The Tuxedo Cat - Cat Bowl

A few scattered chairs for the audience face a blank wall, where two men wait with beer in hand. The fluorescent lighting is pretty bright, but it’s useful for finding your seat and preparing for the show. A dull rumble of music and bass can be heard like a distant nightclub raging into the night.

Nothing happens.

This show does away with all theatrical conventions. There are no lights up - lights down; there is no curtain; no entrances and exits; no stage; and no bow. The players stand on the floor in front of you as if they too were members of the audience waiting for the show to begin.

Then one speaks. And an hour later – it all makes sense.

Genius is probably not a descriptive enough word, but what creator Benjamin Cittadini has done is reach out and grab hold of a slice of life, which has been reproduced so close to its original form that you could be forgiven for thinking you aren’t just privy to an otherwise private conversation – you are in fact at the theatre.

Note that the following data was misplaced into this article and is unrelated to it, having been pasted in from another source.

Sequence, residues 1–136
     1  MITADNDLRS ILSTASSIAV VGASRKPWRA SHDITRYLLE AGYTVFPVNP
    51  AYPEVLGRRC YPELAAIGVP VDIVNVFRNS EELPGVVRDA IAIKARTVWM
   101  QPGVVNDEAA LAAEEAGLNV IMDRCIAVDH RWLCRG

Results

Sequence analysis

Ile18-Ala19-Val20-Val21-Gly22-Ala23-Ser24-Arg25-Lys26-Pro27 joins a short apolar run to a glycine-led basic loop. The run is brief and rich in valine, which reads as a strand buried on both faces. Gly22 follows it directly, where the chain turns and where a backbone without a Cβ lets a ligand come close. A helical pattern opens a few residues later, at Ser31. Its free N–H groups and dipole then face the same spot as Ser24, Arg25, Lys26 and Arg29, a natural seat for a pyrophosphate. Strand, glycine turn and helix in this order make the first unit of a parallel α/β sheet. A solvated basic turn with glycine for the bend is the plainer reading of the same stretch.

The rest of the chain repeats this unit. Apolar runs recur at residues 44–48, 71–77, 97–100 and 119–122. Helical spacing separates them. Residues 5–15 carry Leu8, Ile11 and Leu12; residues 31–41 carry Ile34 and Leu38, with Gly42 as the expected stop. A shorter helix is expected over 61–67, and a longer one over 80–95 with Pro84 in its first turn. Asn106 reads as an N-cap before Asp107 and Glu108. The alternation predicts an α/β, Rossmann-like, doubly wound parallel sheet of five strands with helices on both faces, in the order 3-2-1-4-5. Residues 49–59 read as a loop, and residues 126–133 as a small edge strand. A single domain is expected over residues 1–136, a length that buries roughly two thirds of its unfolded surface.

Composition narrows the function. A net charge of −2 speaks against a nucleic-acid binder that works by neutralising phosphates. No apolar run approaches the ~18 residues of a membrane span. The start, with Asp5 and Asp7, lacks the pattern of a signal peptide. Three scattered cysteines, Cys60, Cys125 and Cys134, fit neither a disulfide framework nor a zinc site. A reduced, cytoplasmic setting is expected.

When you talk about theatre the saying ‘art imitates life’ comes to mind. This production is unique in that it is closer to ‘life imitating life’. And I fully expect that at least half the people who go to see the show won’t like it. The two women sitting next to me were clearly very uncomfortable with the format and the subject matter – but that’s how I knew it was working so well; how I could tell it was being so effective (and affective).

Actors David Quirk and Craig Peade are to be commended on their focus, grasp of naturalism, and absolute intent. It has been a long time since I have sat so close to two actors, acting – and forgotten they were doing so.

Words cannot describe this show – only experience will lead you to understand. I implore everyone to see it. Winner of the 2011 Melbourne Fringe Festival award – this show is a must see.

Go along without expectation. And don’t say I didn’t warn you.

Paul Rodda

When: 9 to 18 Mar
Where: The Tuxedo Cat - Cat Bowl